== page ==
Our hearts are Gone Without a Trace after Chris Poulson’s latest.

Carried in by a simple guitar and descending swiftly from heartbreak city, Chris Poulson’s latest, “Gone Without a Trace” is an emotional pop-ballad reminiscent of the mid 90’s boyband boom. 

While the song itself sits pretty firmly in the pop scope, it embraces 80’s r&b drum techniques and vocally Poulson seems well suited for both country-rock and modern pop. The culmination of these distinct styles makes for a unique soundscape that would feel as at home in Nashville’s best honkey tonks and it surely does in Poulson’s hometown of L.A. 

Beginning with an airy, dream-like chorus-saturated guitar line before a steady bass drum thumps in marking the first verse, Poulson begins by setting the scene for us, describing a slow burning candle as he discovers that the person he most admires has seemingly disappeared and he’s left to contemplate what changed that caused them to leave. 

With no one around to hear him, Poulson steers himself towards an apology, sure that his own insecurities have led to this disappointing discovery (we can relate).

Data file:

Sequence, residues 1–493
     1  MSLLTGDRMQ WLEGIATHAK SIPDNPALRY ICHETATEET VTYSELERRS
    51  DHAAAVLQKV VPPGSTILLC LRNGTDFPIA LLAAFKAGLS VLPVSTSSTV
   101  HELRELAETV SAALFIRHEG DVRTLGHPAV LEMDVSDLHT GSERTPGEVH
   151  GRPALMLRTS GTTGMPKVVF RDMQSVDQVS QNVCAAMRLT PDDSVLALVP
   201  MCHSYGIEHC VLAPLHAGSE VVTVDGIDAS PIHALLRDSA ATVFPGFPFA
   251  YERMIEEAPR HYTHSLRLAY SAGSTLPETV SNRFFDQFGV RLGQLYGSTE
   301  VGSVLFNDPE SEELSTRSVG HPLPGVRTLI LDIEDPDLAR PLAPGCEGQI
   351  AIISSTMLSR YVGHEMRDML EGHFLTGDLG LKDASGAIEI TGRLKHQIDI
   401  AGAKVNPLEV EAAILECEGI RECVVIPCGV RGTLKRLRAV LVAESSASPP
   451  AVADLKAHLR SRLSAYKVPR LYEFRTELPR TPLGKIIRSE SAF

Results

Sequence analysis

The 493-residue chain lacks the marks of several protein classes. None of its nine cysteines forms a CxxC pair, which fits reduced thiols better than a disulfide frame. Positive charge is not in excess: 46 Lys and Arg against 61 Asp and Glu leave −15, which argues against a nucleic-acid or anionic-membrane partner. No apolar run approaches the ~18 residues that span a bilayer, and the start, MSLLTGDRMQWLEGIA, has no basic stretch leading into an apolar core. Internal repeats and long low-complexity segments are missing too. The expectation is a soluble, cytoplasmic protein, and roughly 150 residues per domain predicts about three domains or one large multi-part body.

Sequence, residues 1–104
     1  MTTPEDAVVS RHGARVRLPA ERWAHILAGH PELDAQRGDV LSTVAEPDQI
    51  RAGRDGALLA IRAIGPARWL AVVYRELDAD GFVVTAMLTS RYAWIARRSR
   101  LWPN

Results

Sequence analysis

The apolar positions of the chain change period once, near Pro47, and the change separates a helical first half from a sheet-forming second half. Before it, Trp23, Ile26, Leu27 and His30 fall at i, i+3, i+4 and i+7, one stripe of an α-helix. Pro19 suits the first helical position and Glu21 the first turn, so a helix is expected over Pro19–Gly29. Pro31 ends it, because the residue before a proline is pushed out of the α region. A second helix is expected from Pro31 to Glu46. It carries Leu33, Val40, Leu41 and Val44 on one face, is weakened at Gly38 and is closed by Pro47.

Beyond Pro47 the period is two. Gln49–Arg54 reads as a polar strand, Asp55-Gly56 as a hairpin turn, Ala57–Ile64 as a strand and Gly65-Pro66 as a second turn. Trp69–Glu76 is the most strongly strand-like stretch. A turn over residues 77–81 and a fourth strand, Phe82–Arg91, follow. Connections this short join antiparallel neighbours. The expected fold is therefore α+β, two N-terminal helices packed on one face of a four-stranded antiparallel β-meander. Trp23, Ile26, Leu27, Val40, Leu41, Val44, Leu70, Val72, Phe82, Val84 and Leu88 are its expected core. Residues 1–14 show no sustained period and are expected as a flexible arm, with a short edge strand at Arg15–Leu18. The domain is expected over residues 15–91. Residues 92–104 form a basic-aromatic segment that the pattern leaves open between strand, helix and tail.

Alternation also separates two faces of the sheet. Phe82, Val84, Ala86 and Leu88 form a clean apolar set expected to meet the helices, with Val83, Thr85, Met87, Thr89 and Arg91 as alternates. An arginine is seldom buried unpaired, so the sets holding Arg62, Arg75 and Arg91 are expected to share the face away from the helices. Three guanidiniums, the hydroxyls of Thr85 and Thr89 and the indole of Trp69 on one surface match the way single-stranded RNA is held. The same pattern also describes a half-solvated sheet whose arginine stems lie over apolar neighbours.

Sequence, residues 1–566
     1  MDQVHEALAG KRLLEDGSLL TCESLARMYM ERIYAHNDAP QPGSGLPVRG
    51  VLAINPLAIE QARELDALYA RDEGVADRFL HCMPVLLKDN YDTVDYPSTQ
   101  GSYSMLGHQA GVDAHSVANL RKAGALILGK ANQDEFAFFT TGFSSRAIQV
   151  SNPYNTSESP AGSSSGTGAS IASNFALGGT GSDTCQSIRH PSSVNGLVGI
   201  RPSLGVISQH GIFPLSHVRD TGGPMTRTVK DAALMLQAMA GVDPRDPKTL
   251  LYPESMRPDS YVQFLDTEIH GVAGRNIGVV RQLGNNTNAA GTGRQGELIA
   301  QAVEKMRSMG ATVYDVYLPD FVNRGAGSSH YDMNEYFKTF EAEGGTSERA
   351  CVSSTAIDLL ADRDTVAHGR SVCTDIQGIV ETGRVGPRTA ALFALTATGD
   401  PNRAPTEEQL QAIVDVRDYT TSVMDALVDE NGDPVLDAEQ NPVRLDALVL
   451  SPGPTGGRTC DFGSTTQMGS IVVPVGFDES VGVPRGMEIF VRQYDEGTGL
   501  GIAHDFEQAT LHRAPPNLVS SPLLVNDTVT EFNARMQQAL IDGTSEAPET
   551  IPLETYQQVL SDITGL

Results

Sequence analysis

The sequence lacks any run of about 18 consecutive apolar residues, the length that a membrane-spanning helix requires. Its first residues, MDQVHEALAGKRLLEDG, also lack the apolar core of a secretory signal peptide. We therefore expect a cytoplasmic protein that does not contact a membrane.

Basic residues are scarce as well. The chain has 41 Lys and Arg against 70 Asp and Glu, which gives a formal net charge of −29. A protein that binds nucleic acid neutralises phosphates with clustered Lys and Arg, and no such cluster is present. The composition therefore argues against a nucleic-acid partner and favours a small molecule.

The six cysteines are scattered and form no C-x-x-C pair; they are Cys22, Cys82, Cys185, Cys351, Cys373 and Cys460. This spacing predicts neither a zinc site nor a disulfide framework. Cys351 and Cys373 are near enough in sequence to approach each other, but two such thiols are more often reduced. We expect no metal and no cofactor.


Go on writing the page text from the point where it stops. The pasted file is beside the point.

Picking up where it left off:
As the drums pick up with soft claps and we ascend into the impassioned chorus, Poulson still finds himself questioning why he’s met this fate and he yearns deeply for a chance to meet his love just once more to find out if this can be salvaged. The chorus, filled with rich atmospheric synths and layered dance-pop vocals is almost too happy for the devastation that Chris is describing and we can’t help but find ourselves wanting to bop and sway along, enjoying his agony and welcoming our own reflections of our previous fizzled relationships. 

There’s a brief instrumental break where our own hearts linger for an intensified bridge breakdown that brings fourth some clarity in an enthusiastic rush, but instead the track seems to mostly falter off as the vocals croon on before returning for one last pronounced plea. 

While it has all the makings of a great pop ballad, it’s steady and dreamy aesthetic keeps it grounded and tranquilizing; At times where it lifts, we wish it would swell until our hearts feel fit to burst and when it descends, we long to feel ourselves within the pit of despair, begrudgingly crying in the well-timed rainstorm. Regrettably we don’t quite get that out of this one, but it absolutely succeeds in hitting those late 80’s-mid 90’s pop-ballad sweet spots and makes for a soothing light listen.

Keep up with Chris Poulson on his social media channels.

Need some more ear candy? Here are some recommendations from the CF team.
*NSYNC – Gone
Natalie Imbruglia – Torn
Foreigner – I Want To Know What Love Is

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